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Paper versus Digital Record Keeping: What’s Best for Dental Practices?

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While many dental offices have long been using digital records, many dentists have reservations about fully making the switch from paper to server.

Recently, CDA Oasis received a question from a reader about just this dilemma. They wanted to know:

What is the difference between paper and digital dental records and what are the risks that dentists face when using digital dental records? Further, what solutions can dentists implement to prevent the loss or hacking of files?

In this edition, frequent Oasis contributor and cyber security expert, Anne Genge is here to help answer this question. While Anne typically joins us to talk about cyber security, emerging technology, and limiting cyber risks in dental practices, today, she lends her expertise to educate our viewers about paper versus digital records debate.

About Anne Genge

Anne is the Co-founder and CEO of Alexio, a hi-tech company offering unique automated solutions to defend the security of computer systems for healthcare practices. She is also a Certified Information Privacy Professional with a specialization in dentistry and holds certifications for HIPAA Security and PCI Compliance. At Alexio, Anne and her team work with dental and medical professionals to minimize data risk and maximize patient care.

In this OASIS conversation, Anne reviews presentation slides to talk about:

  • Key practical differences between digital and paper records.
  • Risks of using paper records in your practice.
  • Benefits of using digital records including access to information.
  • Risks of keeping dental records.
  • How to keep digital records safe using a long term, multi-practice and policy approach.
  • Training your team to protect your practice from cyber attacks.
  • Protecting patient information using encryption or CDA Secure Send.
  • Working with service providers to ensure server and network security.
  • What dentists need to know about backups, corruption, testing, misconfiguration, restoring data.
  • Conducting security risk assessments on systems and networks.

Resource

Read/download the transcript of the conversation (PDF)

Full Conversation (8.40″)

We want to hear from you!

Leave a comment about this post in the box below, send your feedback by email or call us at 1-855-716-2747.

Until next time!

CDA Oasis Team

 

5 Comments

  1. Mark Antosz April 29, 2019

    Hard to believe this is even a topic in this day and age. We went from paper to full electronic charting in 1992. The only documents we kept were financial agreements and informed consent on paper, and those we started scanning in around 2005. There is no reason on earth to keep paper in this day and age. Yes, you need to back up and you need to secure your communications, but that’s not any kind of big effort. There are only tens of thousands of dentists who are fully into electronic charting; paper only is in the decided minority.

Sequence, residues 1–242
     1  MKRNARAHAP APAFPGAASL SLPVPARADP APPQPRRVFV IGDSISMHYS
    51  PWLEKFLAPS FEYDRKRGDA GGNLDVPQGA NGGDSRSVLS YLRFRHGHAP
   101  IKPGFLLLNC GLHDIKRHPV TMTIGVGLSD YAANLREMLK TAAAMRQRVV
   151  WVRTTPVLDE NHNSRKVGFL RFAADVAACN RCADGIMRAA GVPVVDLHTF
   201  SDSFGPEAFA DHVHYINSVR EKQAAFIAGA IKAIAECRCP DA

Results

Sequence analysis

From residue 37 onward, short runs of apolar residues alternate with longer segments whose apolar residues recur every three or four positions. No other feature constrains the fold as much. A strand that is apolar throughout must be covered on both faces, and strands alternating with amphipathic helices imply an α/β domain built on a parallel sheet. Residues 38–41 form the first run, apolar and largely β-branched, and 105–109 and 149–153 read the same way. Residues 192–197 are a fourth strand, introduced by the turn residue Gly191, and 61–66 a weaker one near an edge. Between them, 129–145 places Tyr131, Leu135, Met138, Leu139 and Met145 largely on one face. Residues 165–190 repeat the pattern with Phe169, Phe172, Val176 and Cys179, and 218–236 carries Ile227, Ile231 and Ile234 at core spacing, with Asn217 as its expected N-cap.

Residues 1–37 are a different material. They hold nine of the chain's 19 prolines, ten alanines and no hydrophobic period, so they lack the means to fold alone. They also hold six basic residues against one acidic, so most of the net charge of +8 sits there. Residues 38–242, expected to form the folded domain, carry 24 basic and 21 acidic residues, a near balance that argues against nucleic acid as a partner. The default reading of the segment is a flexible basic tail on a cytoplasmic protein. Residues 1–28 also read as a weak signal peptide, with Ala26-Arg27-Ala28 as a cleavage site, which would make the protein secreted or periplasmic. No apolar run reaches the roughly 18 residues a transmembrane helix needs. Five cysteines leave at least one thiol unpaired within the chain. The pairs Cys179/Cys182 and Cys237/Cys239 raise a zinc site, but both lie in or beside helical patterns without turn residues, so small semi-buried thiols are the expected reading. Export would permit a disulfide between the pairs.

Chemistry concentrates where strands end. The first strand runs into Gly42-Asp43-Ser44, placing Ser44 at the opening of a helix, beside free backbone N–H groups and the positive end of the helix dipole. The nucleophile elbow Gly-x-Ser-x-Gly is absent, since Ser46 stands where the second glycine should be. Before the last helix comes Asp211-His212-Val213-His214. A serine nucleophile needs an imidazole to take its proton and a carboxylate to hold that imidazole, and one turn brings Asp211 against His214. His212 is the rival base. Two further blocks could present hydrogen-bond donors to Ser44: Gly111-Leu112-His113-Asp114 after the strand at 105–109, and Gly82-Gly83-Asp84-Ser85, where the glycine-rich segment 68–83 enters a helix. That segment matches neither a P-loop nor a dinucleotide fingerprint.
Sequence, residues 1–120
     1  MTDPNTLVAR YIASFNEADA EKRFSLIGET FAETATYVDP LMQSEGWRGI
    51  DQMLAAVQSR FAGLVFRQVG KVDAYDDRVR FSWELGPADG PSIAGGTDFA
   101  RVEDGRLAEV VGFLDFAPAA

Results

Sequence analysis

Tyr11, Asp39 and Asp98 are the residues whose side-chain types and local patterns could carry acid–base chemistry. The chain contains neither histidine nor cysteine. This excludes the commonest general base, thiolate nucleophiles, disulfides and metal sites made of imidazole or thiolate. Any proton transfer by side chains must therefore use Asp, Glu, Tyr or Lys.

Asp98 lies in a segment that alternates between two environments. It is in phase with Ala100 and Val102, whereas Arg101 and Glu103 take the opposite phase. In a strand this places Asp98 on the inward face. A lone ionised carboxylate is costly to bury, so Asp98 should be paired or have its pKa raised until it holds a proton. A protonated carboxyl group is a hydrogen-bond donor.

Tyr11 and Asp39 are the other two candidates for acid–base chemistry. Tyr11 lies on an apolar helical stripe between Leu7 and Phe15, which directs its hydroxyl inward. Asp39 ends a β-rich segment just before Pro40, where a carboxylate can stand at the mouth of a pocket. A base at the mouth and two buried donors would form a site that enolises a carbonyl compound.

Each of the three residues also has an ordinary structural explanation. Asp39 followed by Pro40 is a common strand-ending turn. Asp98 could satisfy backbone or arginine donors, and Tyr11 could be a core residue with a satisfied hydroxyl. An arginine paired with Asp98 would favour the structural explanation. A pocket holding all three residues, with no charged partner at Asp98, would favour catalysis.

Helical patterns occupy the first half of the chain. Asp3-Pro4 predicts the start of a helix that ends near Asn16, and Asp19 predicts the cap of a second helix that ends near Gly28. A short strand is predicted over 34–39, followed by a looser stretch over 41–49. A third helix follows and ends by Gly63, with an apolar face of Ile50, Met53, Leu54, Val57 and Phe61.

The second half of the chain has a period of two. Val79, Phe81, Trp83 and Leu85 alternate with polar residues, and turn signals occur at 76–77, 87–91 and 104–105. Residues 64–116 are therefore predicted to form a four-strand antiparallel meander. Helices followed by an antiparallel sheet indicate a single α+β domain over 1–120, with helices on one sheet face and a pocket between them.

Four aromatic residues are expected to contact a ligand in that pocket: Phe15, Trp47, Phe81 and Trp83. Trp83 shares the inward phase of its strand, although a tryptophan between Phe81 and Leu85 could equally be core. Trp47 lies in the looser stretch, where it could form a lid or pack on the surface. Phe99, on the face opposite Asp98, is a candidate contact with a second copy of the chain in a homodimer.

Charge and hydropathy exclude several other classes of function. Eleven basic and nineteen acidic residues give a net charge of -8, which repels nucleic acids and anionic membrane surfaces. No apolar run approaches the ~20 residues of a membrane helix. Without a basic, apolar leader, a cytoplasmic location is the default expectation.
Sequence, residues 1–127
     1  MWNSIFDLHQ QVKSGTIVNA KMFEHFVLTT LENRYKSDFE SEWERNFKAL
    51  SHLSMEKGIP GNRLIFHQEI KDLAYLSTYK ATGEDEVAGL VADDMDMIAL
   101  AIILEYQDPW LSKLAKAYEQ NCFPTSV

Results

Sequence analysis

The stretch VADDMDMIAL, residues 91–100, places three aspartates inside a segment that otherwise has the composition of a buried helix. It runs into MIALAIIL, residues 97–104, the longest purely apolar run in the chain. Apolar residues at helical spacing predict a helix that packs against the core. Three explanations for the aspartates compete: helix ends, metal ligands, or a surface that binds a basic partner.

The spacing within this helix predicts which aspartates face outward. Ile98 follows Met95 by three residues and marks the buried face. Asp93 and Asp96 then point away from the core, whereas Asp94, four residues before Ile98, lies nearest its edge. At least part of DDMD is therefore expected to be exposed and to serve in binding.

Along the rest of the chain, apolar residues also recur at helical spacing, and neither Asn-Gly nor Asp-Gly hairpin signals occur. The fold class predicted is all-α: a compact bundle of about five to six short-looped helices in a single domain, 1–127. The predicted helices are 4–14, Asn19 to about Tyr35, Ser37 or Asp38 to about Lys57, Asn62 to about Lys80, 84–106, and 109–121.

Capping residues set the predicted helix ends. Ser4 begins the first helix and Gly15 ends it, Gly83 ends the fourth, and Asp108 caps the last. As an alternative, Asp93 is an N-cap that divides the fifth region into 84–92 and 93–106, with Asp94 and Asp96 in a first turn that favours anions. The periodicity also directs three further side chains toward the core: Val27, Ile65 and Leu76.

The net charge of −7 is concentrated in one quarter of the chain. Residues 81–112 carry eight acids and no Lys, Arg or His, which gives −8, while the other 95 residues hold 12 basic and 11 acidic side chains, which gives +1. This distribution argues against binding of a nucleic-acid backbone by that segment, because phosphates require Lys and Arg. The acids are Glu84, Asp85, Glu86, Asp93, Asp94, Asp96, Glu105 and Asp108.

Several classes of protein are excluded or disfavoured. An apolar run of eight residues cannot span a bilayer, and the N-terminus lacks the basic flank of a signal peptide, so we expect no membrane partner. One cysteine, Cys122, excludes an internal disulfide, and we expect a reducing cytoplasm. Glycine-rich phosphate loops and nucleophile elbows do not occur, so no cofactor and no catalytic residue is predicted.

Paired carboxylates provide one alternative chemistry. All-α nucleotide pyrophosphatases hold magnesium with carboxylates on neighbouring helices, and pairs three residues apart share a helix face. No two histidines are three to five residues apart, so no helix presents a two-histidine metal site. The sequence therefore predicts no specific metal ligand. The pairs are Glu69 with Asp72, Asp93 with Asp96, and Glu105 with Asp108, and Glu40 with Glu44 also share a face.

Reply
  2. Darrell Pruitt April 29, 2019

    Dear Anne Genge,

    When a patient asks whether dental EHRs are as secure as paper dental records, how should a dentist respond?

    Thanks,
    Darrell Pruitt DDS

    Reply
    1. Darrell Pruitt May 8, 2019

      Excuse me for sounding impatient, but why has Oasis not responded to the question: Are electronic dental records more secure than paper?

  3. Darrell Pruitt May 25, 2019

    Dear Canadian Dental Association Oasis discussions, and Anne Genge, CEO of Alexio:

    “Are EHRs less secure than paper dental records?” I came across a study performed a year ago which I think you will agree answers that unpopular, yet increasingly important question which spawned this Oasis conversation seven months ago: “Q2 2018 PROTENUS BREACH BAROMETER – 3.14M Patient Records Breached As Patients Are Increasingly Anxious About Health Data Security,” by Protenus, Inc. in Collaboration with DataBreaches.net.

    https://marketing.protenus.com/hubfs/Breach_Barometer/2018/Q2%202018/Q2%202018%20Protenus%20Breach%20Barometer.pdf

    The study found that between April and June of 2018,142 health care data breaches were reported, impacting 3.14 million records (Three times the number reported in the first part of the year). 23 of the incidents involved paper, affecting 158,711 records, or 5% of 3.14 million.

    Contrary to Anne Genge’s suggestion that digital and paper are equally vulnerable to data breaches, according to the study, a patient’s identity is 95% more likely to be breached from an EHR than from paper records.

    Should a retraction be posted?

    Reply
  4. Union Alarm June 6, 2019

    I think with the conception of cloud technology; it is safest to use the digital format as then there is no chance that you will lose any of it. I have made sure all of my clients use the cloud.

    Reply

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